389 Gallowgate, Glasgow.
The Rob Roy. 1991.
This was one of my old favourite pubs in the east end of the city.
Situated at the corner of the Gallowgate and Hill Street, it was a popular haunt for employees of the meat market and Tennent Caledonian Breweries.
There has been a pub on this site since at least the 1830s. In 1863 Archibald MacPherson took over this old established howff, Mr MacPherson was a prosperous businessman also having pubs in 278 Main Street, Bridgeton, 2 pubs on Duke Street, one at 200 and the other at 263 Duke Street, 460 Paisley Road, 224 Castle Street, 8 Dale Street and the very old established “Monteith’s” tavern 387 Argyle Street.
Archibald took over “Monteith’s” tavern in 1875, however he was not to live long to enjoy his small empire of pubs or to watch his young family growing up, he drowned in the summer of 1878, while fishing opposite Dunoon. His wife Margaret carried on the business and when Hugh the eldest son was of age he helped his mother in the running of the family concern.
The old “Monteith’s” premises were converted into a store and bottling department for wholesale no drink at the bar was sold, every inch of ground floor was taken up with puncheons, butts and barrels. The underground cellars were also full of the very best wines in wood and bottle from the choicest vineyards. La Rosa 40 year old, Burgundies of 1863 and 1867, stacks of hocks of 1857 and 1868, ports of 1870, sherries of 1862 and scores of other bottles some of them over 50 years old. A large stock of whisky was also ready for vatting, prominent among them was “Orkney,” of 1882, “Royal Brackla” and “Long John,” old brandies and Vieux Rhum.
At the rear of the building a Highlander Donald McDonald, a brother of Mrs MacPherson was in charge of the bottling, another brother Alexander was cashier. It was somewhat a family affair at Monteith’s old premises.
In 1899 Robert Allan Stevenson took over the pub on the Gallowgate the name above the doorway was then Stevenson’s which stayed in the family until around 1930.
Gallowgate publican Archibald McIntyre then took over the pub, Archie had McIntyre’s Bar further alone the Gallowgate at no. 615 next to the Bellgrove Hotel, his father Dugald had it before him acquiring it in 1898. On the outbreak of the Second World War the Gallowgate pubs were run by Mrs McIntyre as all the young male members of the family were in the forces. Dugald McIntyre then took over the licence, however in 1945 young 21 year old Dugald was killed in action, he was in the Merchant Navy. The McIntyre family continued to run the pubs successfully until the 1950s, the Rob Roy however was sold to Colin H M McNab in 1960. Colin’s son John then took over the running of the pub running it until it closed in the 1990s. John was a real gentleman when I met him in the Rob Roy many years ago he always welcomed me when I was researching the Gallowgate pubs.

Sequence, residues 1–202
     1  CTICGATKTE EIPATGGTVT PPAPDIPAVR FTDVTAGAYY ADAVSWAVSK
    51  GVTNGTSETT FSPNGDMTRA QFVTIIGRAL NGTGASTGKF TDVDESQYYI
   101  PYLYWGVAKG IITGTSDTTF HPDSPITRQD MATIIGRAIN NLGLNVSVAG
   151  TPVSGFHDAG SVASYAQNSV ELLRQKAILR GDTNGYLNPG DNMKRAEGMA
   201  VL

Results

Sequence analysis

Interior view of the Rob Roy circa 1960 with John McNab in the foreground.
One day not long before the pub closed, I gave John McNab a visit, we chatted about the various pubs on the Gallowgate when he stopped and looked over towards the small glass heated cabinet that held the hot pie’s, and said to the barmaid his wife, there’s the little bugger there, I looked round thinking he was talking about some child that came into the bar, John and his wife laughed, I still couldn’t see anyone, then John pointed him out to me, a small mouse eating crumbs on the bar, I jumped as I am still not very sure when rodents are around me.
John was great at telling stories and talked about the barber’s shop that used to be next door, the barber himself would frequently nip into the bar for a quick one in between customers. It was for this reason he became known to the locals as Sweeney Todd. One day he dived into an adjacent toilet and within seconds was screaming. “There’s a dead body on the toilet,” he told people who crowded round to investigate.
There was a body, as such, mischievous workers at the nearby meat market had skinned a sheep and deposited it on the WC for him to find.
Group of eastend publicans back row on the far right is Archibald McIntyre, owner of the Rob Roy, Gallowgate and McIntyre’s Bar also Gallowgate. 1934.
To read more on the pubs on the Gallowgate read up & Doon the Gallowgate by John Gorevan. A copy can be bought for a few pounds at the Hielan Jessie on the Gallowgate or contact me at firstname.lastname@example.org